The Pensions Act 2008, comes into effect in 2012 and will for the first time, place a legal duty on employers to enroll all eligible employees automatically into a pension scheme and contribute towards their retirement.
By planning well in advance, firms can control any potential problems with their cash flow or processes, but according to Sage's UK Omnibus which surveyed 1,500 SMEs from its 800,000 strong customer base, a third (33%) are unaware of their responsibility to provide a Qualifying Pension Scheme as a result of the changes. Meanwhile, 54% of business owners mistakenly believe the Pensions Act will have no impact on their business.
The new pension reforms will impact all UK employees who earn more than the minimum earnings threshold, currently £7,475, and are aged between 22 and the current state pension age of 65. According to the Federation of Small Businesses, a company with four employers each earning £25,000 will face additional costs of £2,550 per year. With cash flow at a premium, this extra overhead is likely to have a significant impact that needs to be planned for now. Businesses will each be informed of a 'staging' date when the change must be implemented by, which is determined according to the size of the firm.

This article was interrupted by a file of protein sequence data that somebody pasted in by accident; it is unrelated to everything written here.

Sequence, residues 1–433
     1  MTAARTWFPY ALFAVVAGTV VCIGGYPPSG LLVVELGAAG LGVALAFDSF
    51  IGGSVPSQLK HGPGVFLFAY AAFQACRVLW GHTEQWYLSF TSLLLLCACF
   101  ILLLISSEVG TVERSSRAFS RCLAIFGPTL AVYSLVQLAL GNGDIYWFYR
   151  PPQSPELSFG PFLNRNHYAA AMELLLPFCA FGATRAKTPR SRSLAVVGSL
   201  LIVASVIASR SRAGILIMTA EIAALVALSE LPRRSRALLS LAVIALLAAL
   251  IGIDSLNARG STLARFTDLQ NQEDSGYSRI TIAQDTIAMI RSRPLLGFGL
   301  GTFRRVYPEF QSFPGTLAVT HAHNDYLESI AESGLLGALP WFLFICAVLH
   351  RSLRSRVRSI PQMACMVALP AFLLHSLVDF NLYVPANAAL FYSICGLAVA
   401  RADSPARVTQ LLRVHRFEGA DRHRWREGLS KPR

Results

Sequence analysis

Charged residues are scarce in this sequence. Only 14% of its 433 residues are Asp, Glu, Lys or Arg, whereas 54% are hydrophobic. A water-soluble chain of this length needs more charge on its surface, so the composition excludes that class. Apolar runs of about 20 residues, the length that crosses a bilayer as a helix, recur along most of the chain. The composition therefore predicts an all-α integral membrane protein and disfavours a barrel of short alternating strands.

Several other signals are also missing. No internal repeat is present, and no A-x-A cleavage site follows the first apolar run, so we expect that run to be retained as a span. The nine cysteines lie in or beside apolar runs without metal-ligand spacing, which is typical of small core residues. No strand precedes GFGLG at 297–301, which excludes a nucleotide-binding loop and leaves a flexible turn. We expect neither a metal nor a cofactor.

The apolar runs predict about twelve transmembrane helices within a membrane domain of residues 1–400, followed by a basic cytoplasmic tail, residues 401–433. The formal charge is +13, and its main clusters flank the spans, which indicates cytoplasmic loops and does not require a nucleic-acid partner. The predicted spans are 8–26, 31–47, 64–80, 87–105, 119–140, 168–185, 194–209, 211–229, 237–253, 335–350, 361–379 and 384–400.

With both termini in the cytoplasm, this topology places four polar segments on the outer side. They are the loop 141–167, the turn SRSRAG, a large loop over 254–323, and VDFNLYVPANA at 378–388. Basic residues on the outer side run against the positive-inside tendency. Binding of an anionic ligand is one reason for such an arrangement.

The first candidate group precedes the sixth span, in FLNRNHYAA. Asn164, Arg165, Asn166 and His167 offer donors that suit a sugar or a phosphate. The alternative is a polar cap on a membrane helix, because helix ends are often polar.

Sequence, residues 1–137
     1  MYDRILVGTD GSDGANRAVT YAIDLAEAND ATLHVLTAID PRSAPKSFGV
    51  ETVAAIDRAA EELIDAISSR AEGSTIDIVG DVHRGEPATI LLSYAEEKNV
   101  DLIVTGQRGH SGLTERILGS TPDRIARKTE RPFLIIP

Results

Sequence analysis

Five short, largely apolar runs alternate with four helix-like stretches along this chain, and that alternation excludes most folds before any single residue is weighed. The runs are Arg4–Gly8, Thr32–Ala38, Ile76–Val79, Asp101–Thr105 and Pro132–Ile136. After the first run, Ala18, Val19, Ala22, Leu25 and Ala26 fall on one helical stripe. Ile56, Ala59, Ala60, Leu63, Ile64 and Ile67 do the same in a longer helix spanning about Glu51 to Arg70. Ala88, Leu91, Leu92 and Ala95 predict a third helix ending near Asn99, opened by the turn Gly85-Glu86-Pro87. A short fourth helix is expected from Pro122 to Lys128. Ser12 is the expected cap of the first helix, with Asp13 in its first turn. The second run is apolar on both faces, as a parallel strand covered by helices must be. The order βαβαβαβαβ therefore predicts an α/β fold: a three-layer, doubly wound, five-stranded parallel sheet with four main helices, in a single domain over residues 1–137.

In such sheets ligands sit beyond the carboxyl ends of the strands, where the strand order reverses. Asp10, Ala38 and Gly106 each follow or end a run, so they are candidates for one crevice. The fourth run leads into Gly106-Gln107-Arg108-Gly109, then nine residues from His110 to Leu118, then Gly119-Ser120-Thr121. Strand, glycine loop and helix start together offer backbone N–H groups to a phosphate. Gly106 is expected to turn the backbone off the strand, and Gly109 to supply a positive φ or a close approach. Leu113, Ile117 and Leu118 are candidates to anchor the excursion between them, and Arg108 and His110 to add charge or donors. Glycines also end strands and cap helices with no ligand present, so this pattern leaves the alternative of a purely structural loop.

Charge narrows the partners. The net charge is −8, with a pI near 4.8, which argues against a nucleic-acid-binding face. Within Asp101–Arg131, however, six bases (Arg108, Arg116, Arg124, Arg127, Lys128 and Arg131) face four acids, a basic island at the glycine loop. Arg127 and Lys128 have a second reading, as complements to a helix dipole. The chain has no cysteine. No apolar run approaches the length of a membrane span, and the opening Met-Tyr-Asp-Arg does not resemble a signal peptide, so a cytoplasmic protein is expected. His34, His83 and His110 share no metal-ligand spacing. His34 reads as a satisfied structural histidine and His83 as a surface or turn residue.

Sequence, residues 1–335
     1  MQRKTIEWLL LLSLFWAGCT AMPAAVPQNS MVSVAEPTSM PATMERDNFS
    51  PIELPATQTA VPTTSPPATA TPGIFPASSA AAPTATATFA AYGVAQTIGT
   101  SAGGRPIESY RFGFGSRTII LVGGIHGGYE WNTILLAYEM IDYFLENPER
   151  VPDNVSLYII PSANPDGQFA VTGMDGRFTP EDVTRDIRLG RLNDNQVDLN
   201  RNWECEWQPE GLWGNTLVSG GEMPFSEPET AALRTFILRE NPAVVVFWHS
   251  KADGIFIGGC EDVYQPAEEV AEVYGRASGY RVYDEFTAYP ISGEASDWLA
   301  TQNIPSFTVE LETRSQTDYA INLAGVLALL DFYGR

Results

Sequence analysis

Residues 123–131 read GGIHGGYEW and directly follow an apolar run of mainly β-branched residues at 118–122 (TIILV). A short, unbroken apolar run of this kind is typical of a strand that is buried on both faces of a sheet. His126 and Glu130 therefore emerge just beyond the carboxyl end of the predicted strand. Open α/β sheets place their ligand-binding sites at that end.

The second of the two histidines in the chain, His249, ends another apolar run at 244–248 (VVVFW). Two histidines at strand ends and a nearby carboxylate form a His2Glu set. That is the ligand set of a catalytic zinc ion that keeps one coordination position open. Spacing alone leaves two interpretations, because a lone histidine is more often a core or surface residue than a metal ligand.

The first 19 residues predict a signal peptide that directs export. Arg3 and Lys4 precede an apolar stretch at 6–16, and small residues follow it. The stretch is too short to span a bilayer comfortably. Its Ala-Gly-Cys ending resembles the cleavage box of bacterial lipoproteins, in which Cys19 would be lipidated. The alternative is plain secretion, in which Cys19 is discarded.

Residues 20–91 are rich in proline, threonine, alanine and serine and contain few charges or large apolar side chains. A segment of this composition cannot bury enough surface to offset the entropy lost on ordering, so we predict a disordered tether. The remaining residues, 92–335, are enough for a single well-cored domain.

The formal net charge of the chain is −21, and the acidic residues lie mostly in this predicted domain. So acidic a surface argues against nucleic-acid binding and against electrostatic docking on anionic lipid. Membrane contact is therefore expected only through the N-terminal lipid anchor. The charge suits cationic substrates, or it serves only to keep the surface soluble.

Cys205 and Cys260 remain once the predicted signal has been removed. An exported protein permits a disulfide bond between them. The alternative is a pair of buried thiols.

Sage is urging businesses not to wait until they are given this date, but act now so that they can prepare for the changes and have a better understanding of how it will impact their bottom line.
Kathryn Shankland, product manager in Sage's Small Business division, said: "Business owners need to understand how and when this new reform will impact their firm. Even companies that already offer a pension scheme to their employees may still need to change processes, as there is a new minimum requirement that all pensions must adhere to.
"If business owners are aware of the changes early enough and factor them into their plans and forecasts, it's possible for firms to continue to grow their business and provide support for their employees' futures. At the same time, businesses must take the time to effectively communicate the reforms to employees so that they also understand the impact this legislation will have on their finances as employees will have to provide a minimum contribution starting from 1% and rising to 3% by 2017, unless they choose to opt out within three months. With pensions becoming increasingly important to retaining top employee talent, the importance of getting it right cannot be underestimated."